That is the question.
What am I talking about? I’m talking about whether or not the offshore investment assets you hold should be insured (or hedged) against a rise in the value of the New Zealand dollar. Your hedging strategy can make a significant difference to your investment returns.
In an unhedged example, say you hold a US investment worth US$100 dollars which over a year goes up in value by 10% to US$110. But at the same time, the NZ dollar v the US dollar also appreciates by 10%. Your effective return in New Zealand dollar terms is zero! In other words the negative change in currency has offset the growth in your investment.
Of course it can go the other way too. In the same example, if the value of the New Zealand dollar depreciates against the US dollar by 10%, then the effective return in New Zealand dollar terms is 20% (10% investment return + 10% currency return)!
In other words, changes in currency can help or hinder the overall returns from your offshore investments, depending on which way the NZ dollar moves v the currency of the offshore investment.
Hedging effectively removes the currency ups and downs by having insurance in place (often via futures contracts) that can be exercised if the New Zealand dollar does indeed increase in value. This effectively takes currency movements out of the equation, so that the returns you get in New Zealand dollar terms are the same as the returns from the investment in its local currency.
Hedging does have a cost. For example, the popular Vanguard International Shares Select Exclusions fund offers a hedged and unhedged option for NZ investors, with management fees of 0.26% and 0.20% respectively. The difference in fee is entirely due to the costs of currency hedging.
So should you aim to have your international investments hedged or not? Opinion in the financial world is divided, but I won’t sit on the fence. For international fixed interest investments, yes. For international equity or property investments, no.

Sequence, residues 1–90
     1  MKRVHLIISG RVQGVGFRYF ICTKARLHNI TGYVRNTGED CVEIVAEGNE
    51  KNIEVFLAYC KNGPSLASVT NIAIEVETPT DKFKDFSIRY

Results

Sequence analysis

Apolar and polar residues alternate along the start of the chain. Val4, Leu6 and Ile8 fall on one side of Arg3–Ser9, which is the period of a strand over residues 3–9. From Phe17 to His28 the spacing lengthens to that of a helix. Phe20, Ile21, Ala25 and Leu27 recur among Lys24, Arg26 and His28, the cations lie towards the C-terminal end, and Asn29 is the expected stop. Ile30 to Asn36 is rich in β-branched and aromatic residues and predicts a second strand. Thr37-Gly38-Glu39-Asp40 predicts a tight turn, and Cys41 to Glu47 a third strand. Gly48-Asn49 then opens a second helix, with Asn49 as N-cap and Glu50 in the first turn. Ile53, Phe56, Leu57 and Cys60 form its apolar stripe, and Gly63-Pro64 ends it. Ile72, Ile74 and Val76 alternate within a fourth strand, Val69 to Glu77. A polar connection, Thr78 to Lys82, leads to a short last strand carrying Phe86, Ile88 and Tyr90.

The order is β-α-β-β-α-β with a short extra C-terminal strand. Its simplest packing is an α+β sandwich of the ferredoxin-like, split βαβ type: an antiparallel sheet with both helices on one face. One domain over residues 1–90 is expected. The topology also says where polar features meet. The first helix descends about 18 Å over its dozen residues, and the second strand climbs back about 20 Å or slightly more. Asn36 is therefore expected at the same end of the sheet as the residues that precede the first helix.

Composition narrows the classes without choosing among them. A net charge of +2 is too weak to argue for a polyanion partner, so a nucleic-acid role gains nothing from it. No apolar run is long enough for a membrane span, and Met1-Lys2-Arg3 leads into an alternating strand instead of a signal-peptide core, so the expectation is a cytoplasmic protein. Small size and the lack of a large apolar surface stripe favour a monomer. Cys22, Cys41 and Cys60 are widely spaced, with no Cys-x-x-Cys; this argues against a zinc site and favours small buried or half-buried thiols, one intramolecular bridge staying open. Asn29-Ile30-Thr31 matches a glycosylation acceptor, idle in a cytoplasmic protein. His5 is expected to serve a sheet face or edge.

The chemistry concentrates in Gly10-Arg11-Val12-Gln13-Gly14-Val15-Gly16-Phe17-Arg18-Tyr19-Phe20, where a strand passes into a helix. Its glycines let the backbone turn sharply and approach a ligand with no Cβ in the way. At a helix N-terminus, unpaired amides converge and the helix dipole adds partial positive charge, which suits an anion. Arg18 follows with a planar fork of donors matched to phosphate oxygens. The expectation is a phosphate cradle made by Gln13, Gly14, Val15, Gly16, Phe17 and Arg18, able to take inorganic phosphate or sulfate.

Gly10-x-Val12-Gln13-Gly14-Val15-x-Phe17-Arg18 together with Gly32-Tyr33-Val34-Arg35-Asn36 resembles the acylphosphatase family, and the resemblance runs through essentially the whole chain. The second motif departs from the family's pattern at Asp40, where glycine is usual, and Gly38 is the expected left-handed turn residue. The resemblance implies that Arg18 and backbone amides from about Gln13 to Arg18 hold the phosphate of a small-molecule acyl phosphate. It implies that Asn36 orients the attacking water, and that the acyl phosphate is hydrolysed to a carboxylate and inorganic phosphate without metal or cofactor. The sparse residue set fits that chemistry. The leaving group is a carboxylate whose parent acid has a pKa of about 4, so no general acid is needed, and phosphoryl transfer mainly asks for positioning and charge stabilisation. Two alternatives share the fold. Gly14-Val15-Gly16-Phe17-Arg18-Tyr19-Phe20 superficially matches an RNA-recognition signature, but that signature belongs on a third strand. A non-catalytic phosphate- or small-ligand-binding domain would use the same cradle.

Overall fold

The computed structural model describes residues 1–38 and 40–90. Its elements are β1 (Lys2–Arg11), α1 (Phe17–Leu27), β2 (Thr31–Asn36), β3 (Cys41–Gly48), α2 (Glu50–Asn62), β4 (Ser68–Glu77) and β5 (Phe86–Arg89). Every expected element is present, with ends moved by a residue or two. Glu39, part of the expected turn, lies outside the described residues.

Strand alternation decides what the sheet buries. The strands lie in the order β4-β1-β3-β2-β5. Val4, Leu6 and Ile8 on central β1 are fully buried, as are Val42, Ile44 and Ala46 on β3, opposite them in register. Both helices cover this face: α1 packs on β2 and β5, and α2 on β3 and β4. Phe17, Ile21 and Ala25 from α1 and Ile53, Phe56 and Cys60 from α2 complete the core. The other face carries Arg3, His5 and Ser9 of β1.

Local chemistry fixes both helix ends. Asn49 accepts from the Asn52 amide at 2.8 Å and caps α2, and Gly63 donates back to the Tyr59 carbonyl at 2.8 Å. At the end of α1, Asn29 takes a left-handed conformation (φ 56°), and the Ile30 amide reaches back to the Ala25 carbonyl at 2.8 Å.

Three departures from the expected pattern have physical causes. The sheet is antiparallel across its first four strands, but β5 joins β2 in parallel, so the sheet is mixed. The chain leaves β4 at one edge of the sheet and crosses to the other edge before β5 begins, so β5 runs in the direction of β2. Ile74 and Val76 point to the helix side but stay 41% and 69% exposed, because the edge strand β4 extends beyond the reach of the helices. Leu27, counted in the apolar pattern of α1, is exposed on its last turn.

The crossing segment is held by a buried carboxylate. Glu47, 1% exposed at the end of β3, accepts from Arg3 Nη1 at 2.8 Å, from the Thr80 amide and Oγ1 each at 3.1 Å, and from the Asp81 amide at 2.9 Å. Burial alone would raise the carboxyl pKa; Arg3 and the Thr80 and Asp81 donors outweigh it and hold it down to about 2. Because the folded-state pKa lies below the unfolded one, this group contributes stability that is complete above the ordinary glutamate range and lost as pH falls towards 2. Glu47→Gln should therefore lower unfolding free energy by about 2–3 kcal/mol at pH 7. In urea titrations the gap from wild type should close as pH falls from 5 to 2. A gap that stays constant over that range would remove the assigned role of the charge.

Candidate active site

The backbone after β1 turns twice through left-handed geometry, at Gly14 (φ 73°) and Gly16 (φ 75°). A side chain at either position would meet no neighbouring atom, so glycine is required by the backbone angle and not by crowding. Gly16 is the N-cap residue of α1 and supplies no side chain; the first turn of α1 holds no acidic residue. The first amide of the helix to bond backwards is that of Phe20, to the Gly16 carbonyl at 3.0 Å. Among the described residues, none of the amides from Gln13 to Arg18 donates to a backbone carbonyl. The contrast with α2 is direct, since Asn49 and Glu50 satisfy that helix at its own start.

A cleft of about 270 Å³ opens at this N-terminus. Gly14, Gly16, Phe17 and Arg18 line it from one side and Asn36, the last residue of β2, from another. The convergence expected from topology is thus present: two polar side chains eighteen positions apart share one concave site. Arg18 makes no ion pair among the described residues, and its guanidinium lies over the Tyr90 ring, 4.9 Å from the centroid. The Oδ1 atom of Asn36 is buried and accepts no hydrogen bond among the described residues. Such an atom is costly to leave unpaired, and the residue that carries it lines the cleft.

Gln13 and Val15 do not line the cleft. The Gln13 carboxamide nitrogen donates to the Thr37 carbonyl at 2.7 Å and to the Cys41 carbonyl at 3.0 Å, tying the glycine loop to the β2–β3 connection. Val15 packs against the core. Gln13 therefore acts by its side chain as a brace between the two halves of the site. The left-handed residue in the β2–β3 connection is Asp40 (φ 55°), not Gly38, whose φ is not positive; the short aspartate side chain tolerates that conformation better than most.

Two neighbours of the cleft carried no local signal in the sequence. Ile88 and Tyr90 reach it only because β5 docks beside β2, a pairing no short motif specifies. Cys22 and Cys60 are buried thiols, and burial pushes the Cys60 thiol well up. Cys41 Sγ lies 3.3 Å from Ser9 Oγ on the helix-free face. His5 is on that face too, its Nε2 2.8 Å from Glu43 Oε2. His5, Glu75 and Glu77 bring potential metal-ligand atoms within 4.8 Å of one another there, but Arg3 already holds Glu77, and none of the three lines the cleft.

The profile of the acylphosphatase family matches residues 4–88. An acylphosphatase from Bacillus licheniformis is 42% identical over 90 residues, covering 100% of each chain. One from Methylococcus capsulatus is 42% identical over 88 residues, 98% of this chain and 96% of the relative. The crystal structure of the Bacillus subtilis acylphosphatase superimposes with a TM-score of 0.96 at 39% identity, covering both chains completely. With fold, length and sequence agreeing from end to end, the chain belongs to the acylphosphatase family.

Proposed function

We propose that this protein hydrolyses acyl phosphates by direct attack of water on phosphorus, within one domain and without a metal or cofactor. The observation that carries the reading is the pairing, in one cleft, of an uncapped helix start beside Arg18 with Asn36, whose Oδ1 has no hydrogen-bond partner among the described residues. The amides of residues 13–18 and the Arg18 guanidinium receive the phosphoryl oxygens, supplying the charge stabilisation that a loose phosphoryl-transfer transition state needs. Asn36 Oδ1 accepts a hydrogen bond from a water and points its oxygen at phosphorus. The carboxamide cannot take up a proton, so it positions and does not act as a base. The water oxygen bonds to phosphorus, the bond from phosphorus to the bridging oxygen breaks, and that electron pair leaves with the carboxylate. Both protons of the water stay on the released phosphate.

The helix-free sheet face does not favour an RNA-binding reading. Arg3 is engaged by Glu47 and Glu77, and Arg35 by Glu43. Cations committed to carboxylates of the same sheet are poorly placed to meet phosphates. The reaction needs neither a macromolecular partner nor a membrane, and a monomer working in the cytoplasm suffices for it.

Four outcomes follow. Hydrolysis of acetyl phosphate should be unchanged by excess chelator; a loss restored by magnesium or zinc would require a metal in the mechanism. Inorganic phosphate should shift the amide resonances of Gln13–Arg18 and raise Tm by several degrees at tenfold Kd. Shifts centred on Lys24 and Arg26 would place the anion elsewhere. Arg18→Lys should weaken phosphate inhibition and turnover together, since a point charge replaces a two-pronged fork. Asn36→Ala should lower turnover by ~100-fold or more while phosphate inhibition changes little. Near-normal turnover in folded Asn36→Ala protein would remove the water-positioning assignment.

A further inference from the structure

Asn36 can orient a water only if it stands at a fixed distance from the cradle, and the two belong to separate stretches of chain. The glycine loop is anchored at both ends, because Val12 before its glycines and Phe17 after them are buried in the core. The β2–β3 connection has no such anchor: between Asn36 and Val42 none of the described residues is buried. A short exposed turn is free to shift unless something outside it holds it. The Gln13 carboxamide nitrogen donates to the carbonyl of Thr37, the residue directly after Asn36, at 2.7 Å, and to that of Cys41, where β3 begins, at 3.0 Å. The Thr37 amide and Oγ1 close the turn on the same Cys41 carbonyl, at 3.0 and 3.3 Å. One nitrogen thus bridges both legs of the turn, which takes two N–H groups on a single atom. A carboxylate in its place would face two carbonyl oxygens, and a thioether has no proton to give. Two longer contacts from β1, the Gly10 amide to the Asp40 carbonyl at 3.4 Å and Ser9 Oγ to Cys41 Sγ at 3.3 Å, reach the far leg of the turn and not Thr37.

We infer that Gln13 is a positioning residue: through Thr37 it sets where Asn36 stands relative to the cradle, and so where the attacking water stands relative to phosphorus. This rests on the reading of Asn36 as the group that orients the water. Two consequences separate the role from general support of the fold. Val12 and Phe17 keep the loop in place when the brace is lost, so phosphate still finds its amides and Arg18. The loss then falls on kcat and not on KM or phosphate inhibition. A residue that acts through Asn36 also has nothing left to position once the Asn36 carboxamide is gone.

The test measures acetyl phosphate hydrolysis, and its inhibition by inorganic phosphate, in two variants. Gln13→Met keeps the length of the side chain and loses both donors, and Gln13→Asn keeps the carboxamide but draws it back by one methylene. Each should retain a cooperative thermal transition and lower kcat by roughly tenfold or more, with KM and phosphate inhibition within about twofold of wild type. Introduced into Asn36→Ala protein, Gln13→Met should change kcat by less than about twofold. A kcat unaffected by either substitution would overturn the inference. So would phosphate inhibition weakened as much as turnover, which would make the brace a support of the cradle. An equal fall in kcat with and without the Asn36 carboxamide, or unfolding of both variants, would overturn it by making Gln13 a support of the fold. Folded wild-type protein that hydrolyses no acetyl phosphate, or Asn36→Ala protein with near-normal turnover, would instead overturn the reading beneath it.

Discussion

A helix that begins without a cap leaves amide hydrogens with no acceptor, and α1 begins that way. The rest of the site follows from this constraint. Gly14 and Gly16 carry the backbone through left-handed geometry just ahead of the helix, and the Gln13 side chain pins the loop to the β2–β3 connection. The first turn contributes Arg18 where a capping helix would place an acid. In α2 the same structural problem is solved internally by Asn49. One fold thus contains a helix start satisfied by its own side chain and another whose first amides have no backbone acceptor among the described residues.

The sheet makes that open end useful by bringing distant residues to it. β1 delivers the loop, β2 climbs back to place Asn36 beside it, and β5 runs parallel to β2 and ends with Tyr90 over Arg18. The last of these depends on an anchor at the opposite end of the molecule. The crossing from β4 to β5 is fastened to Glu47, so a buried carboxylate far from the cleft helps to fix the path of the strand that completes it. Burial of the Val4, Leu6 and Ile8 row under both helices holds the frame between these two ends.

For international fixed interest investments (eg bonds/bond funds), these fall into the defensive part of a portfolio – they are there to provide a steady return with low levels of volatility. You are defeating the defensive purpose of these investments if you layer on currency exposure, and potentially ramping up the volatility significantly.
For international shares and property, I prefer unhedged investments. For a start, you save on the cost of the hedging. Also, in my experience, falls in overseas markets often go hand in hand with a fall in the New Zealand dollar – which helps to offset the negative investment returns. Likewise nasty unexpected geo political events often can see a flight to safe haven currencies (like the US dollar) and a fall in the New Zealand dollar. These movements help the value of your international assets in New Zealand dollar terms.
But the currency factor can, and at times will, go against you. But overall I’m comfortable with accepting a currency risk in the growth area of a portfolio (shares and property).
Finally, when you are looking at NZ$ returns from international investment assets, its always worth asking what proportion of the returns are due to investment performance, and what proportion are due to currency movements (I split this out in performance reports for my managed clients).